I was first introduced to this railway in 1959 when my family moved from Mt. Vernon to New Rochelle. The rear edge of our back yard abutted a city-owned deep rock cut that was the right-of-way of the NYW&B. Some years later, the railroad properties behind our street were divided up and auctioned by the City of New Rochelle, and my parents bought our lot. I have since moved back here with my family, and in landscaping my yard and the railroad ravine, have discovered two concrete foundations for the overhead wire structure, a concrete manhole and ceramic conduit for the underground telephone wires, many steel spikes of two different sizes, several heavy duty nuts and bolts to bolt the rails together and the connecting plates that go with them, broken signal glass and the light bulb (unbroken!) that went behind the glass.


Construction rail


The pièce de résistance (found on my neighbors yard when they were digging with a back hoe and given to me) is a seven-foot piece of rail that I believe to be a piece of construction rail used to build this great railroad. It is not as high as the final rail used for the NYW&B, and is the fourth piece of rail this size that I’ve found, so I believe it is construction rail. The construction rail can be seen in many photos of the railway being built.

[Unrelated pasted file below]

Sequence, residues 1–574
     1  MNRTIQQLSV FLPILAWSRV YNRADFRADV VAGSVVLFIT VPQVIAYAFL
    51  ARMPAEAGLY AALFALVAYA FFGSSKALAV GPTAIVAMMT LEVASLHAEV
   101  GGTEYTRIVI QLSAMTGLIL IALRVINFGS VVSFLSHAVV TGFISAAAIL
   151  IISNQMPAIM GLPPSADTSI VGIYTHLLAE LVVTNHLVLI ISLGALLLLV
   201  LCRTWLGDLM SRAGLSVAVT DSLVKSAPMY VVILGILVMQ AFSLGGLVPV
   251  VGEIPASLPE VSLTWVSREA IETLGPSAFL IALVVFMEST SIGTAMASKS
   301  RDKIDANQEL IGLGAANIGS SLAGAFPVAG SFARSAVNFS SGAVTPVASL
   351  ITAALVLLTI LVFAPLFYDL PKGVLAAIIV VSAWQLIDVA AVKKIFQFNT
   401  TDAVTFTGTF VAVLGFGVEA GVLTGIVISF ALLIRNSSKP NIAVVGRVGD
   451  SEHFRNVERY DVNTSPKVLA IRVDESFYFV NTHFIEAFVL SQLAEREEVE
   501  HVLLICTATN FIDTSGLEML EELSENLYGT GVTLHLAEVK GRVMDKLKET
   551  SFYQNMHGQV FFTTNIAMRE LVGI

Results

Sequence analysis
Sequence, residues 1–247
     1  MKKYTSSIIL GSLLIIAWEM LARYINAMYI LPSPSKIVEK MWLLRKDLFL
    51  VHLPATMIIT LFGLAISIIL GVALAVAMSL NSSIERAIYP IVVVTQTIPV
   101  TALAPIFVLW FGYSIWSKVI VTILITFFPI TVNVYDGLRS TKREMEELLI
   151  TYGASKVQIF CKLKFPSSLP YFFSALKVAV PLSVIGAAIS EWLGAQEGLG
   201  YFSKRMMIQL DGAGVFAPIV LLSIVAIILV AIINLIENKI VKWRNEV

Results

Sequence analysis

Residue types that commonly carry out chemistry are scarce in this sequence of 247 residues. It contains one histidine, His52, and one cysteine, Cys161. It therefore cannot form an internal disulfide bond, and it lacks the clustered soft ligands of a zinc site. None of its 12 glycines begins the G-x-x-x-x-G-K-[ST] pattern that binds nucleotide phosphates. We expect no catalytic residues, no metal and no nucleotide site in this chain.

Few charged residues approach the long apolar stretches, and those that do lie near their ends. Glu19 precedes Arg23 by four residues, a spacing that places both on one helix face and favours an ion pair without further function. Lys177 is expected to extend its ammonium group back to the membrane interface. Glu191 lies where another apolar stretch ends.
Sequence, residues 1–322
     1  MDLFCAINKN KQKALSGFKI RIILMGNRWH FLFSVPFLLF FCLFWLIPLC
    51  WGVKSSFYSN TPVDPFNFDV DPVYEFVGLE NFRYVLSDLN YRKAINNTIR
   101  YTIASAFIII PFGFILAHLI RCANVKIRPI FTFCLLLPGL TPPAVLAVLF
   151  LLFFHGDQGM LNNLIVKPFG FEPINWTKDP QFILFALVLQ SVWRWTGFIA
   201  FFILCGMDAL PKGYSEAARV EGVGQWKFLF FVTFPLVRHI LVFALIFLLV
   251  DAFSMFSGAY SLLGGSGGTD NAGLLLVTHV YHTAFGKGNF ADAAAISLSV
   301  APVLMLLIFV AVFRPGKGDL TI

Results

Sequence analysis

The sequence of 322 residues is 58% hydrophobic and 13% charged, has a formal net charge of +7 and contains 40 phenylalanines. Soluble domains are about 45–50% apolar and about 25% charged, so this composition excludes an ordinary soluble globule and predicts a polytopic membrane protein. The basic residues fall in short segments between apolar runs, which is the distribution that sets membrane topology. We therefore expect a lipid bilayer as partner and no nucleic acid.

There are currently four books devoted solely to the NYW&B, a website, many fanatical fans, and NYW&B memorabilia that produce record-breaking eBay sales. (A postcard of any other railway typically sells for $2 at train shows. A NYW&B postcard recently sold for over $500 on ebay).


This May 29th was the 100th anniversary of the opening of the New York, Westchester & Boston Railway. Happy Anniversary!



Photos: Jacqueline Silberbush
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  • Anonymous

    What about the still standing train station on Harmon Drive currently being used by the Girl Scouts?

  • Jesse Birnbaum

    Eliot is a good friend of mine…we have explored various portions NYW&BR for many years…from the Bronx to White Plains…it is truly fantastic to see all this…

    Thanks!

    • http://www.theloopny.com editor

      He told us you gave him the old timetables?